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Old 01-13-2012, 07:13 PM   #2 (permalink)
Mike@GTM
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Now that we have all the definitions and important terms squared away, let’s continue to talk about single vs. twins on a V6. Fortunately, the firing order of the VQ37 alternates bank to bank and front to rear. So that means that passenger side front cylinder fires, followed by the driver side front, followed passenger middle, driver middle, passenger rear, driver rear. This type of firing order is fantastic for twin turbo setups (one turbo on each bank) as each turbo gets a pulse of exhaust gas in a nice even rhythm. In addition, there’s a nice amount of time between each exhaust pulse to allow maximum scavenging of the cylinders.

With a single turbo, on the other hand, the dynamics get funky. Depending on the arrangement, the exhaust pulses from one bank can collide with the exhaust pulses from the other bank. If you think of the exhaust pulses like waves in a tub or pool, when they collide, they make bigger waves and smaller waves (positive interference and negative interference). Now, you might think that bigger waves are better. Yes, and no. If the wave is too big, not all of it can fit through the turbo at the same time…resulting in back pressure and wasted energy. At low rpm, even the big waves resulting from the interference aren’t overly large and so you get a slight benefit from helping the turbo spin up easier. So you can get improved spool and mid-range torque with the single, but it’ll choke at high rpm. To remedy that, you can use a larger turbine housing, but then you lose the faster spool in exchange for a small benefit at higher rpm. This is the big problem with the Subaru boxer engine using a single turbo on the stock un-equal length headers and part of the reason why Subarus have such a hard time making the horsepower that the Evos do.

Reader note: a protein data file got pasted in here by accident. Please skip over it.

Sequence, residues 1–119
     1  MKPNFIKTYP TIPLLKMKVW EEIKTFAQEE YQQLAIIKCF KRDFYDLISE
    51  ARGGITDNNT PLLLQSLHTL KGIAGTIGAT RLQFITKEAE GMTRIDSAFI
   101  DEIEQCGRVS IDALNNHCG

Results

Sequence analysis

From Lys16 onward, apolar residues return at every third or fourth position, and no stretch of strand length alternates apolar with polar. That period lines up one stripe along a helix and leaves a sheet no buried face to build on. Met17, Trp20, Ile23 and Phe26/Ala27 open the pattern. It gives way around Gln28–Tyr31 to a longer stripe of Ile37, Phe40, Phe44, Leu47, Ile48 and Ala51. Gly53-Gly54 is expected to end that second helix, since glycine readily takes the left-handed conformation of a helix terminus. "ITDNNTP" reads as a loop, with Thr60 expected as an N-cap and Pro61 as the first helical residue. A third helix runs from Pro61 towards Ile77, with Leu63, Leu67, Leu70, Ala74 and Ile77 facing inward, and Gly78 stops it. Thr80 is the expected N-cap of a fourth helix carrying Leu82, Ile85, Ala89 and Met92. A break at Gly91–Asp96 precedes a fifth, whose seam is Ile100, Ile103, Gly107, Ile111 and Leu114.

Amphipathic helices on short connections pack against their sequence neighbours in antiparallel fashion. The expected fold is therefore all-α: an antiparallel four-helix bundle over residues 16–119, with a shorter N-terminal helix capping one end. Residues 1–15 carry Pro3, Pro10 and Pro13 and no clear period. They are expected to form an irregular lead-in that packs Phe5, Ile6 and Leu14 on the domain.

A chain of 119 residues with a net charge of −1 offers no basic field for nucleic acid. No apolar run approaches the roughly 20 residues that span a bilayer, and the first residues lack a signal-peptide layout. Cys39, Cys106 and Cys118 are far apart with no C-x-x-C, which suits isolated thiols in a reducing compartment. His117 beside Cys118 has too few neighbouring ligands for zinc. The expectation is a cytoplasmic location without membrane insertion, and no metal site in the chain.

The other part of the problem is enthalpy and heat transfer. Remember how I said that enthalpy is the driving force of a turbocharger? Well, the longer the distance between the cylinder head and the turbocharger, the more surface area there is for heat to transfer out of the exhaust gases…reducing enthalpy. The less enthalpy you have going into the turbocharger, the slower it is going to spool, the poorer your boost response is going to be and your boost threshold is going to be at a higher rpm as well.

It gets worse. So, lets’ say you’re wanting to run the same big turbo as your Supra buddies. Have you ever looked at the size of the downpipe on a big power Supra? 4” is the minimum entry fee for big power. Where are you going to put a 4”+ downpipe in your 370Z’s engine bay? Why 4” you ask? Well, remember how turbos operate on the difference in enthalpy? The bigger the pipe is after the turbo, the lower the enthalpy is. Velocity drops off in a big pipe, more surface area to transfer heat out of the exhaust in a big pipe, less backpressure, so less enthalpy after the turbo. Because you cannot realistically put a big enough downpipe in the 370Z engine bay, you are further decreasing the turbocharger’s ability to spool and make power. Again, poorer boost response, and a higher yet boost threshold.

Let’s also take a look at turbo manifold construction. On a twin turbo kit, it makes sense to cast an iron manifold to tuck the turbos as close to the cylinder head as possible. The cast iron has a higher R value, more thermal mass (stays nice and hot between shifts and through corners), and less surface area for heat to escape.

The single turbo manifold construction usually retains the stock headers (to reduce cost) and a relatively thin crossover pipe. So, you have more surface area to transfer heat out of and significantly less thermal mass to store heat. This means that a lot of enthalpy is lost before the turbo even has a chance to capture it.
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